I’ve been reading a slim novel by Forrest Gander called A Friend. It’s a novel in three parts that closely parallels a real life event. The part told by the lover, Sarah, is made up of mostly one-line statements about her lover and her grief at his death. Here are a few samples:
“The first man I went down on. You tasted like well water.”
“When you opened my shirt, you stepped back and said, They must be jealous of each other.”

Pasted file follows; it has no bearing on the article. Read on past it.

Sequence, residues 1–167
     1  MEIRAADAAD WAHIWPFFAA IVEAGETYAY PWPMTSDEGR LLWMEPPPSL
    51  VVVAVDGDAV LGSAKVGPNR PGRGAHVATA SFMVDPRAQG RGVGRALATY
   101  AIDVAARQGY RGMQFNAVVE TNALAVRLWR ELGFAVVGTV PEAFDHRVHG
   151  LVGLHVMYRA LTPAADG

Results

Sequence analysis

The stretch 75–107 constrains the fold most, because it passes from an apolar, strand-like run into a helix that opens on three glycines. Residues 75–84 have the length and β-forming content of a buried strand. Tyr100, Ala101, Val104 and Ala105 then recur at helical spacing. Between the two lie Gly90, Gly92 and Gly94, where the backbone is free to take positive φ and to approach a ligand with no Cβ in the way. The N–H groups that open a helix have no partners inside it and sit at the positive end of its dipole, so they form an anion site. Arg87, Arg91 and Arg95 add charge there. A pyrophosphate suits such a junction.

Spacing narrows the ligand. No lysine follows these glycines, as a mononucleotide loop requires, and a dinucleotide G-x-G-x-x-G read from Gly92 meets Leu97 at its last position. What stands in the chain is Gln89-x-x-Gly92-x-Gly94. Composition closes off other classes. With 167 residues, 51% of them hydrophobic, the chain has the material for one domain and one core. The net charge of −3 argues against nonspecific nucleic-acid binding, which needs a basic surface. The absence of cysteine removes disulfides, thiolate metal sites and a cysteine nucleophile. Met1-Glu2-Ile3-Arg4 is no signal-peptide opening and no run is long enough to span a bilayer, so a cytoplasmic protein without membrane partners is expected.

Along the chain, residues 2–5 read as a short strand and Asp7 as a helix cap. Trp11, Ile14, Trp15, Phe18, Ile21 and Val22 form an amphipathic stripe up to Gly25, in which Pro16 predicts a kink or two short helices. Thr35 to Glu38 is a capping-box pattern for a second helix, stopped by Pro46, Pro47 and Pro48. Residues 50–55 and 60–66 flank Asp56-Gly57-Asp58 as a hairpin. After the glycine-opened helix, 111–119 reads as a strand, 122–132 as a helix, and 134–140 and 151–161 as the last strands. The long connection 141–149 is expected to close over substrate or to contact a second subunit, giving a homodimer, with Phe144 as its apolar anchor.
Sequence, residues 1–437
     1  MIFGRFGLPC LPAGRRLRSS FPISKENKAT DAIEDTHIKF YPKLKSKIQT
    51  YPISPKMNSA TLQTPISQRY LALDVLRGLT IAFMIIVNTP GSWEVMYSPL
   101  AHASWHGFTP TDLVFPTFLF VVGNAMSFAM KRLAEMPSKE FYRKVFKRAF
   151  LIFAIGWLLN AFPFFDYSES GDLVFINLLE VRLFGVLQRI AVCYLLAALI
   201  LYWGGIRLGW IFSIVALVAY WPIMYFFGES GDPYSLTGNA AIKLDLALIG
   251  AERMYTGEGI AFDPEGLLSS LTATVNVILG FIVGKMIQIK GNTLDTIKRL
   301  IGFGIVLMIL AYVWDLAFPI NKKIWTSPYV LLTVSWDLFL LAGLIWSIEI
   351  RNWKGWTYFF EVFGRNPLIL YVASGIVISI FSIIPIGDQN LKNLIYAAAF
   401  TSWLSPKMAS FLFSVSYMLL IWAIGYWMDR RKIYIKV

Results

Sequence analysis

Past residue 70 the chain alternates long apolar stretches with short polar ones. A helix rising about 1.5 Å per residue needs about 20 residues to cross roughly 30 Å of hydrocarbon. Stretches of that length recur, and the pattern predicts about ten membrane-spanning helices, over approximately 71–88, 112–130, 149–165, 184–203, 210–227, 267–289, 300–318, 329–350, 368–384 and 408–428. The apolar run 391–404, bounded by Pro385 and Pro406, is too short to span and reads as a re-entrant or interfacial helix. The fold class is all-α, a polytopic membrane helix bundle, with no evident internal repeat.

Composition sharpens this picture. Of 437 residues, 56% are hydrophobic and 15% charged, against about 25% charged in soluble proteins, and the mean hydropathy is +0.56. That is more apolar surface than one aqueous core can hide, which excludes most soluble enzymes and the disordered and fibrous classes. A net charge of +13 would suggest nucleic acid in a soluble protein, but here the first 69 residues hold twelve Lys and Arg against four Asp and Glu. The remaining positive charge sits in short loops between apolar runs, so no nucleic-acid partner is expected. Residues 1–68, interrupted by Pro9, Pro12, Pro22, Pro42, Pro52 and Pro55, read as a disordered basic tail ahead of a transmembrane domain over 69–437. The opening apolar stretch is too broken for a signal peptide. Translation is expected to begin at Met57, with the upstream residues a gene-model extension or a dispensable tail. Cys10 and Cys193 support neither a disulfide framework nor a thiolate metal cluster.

“The red-bellied woodpecker swerves over the primroses and claps itself to the crab apple trunck as if a magnet had drawn it. In dreams, that’s how I come to you.”
“Not seeing the cup in the bathroom, you brought me a mouthful of water in your mouth.”
“You do not age. Someone else will watch me grow old.”
There are many others I could quote. The way they form a portrait of the beloved, the relationship, the grief, is extraordinary. And the short, final section is as gorgeous an aria of vulnerability and connectedness as I’ve ever read.